The Story About “Rory’s Tree” at Kiawah Island’s Ocean Course

Ocean Course Third Hole Rory's Tree
Left: Rory McIlroy searches for his ball during the third round of the 2012 PGA Championship. Right: The new replacement tree is shown in 2019. (Credit: Getty Images)

As you get settled in to watch the 103rd PGA Championship this weekend on ESPN and CBS, you may here the commentators mentioning “Rory’s Tree.”

The backstory of the tree is as follows:

After birdieing the first two holes on day three of the 2012 PGA Championship, Rory McIlroy’s tee shot on the drivable, par-4 third hole landed in a tree branch some 8-feet off the ground and in the middle of the fairway.

McIlroy, his caddie and officials all searched for the ball, looking high and low, in tall grass and the surrounding area, but nothing turned up. TV coverage was able to determine that his ball had indeed come to rest in a hole in the branch.

After being informed of this, McIlroy looked in the tree and saw the ball. From there, McIlroy took an unplayable lie but was able to save par after a tidy pitch shot. As he walked off the green, he grinned and disposed of the uncooperative ball.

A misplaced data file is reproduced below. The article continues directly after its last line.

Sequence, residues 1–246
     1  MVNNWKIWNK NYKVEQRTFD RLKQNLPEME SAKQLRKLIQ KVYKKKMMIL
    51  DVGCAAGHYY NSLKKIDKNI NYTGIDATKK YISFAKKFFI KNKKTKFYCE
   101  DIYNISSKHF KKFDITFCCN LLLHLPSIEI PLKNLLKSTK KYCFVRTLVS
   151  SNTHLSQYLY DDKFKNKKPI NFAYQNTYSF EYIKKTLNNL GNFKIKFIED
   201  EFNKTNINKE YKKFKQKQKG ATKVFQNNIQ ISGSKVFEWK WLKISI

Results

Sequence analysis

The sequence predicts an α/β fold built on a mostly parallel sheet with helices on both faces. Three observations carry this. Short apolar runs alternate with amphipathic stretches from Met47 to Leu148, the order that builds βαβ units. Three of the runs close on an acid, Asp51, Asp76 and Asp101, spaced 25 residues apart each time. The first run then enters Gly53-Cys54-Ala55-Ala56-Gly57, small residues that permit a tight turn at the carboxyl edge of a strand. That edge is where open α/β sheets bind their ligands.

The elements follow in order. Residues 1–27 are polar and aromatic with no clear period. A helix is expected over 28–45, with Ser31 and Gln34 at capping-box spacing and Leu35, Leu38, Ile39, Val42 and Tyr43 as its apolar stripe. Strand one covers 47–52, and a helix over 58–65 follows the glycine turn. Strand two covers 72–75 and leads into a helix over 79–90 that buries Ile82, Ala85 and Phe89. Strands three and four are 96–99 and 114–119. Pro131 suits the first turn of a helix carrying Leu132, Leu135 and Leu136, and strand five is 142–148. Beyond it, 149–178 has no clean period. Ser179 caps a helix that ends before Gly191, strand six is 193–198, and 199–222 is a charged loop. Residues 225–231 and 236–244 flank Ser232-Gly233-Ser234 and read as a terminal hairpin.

Ocean Course Third Hole Rory's Tree
The third hole of the Ocean Course at Kiawah Island Golf Resort, the host of the 103rd PGA Championship in Kiawah Island, SC. (Photo by Gary Kellner – The PGA of America via Getty Images)

The tree withstood being hit so many times by golfers and had endured strong winds and hurricanes but it was a disease that ultimately killed this tree in 2015. In 2019, the course planted a replacement oak that resembled “Rory’s tree,” which preserves the strategy and overall visual appeal of the hole.

For the next century and beyond, golfers will still be able to pass by the tree and marvel at the contrast between its bare body and the idyllic seaside ensemble it inhabits.


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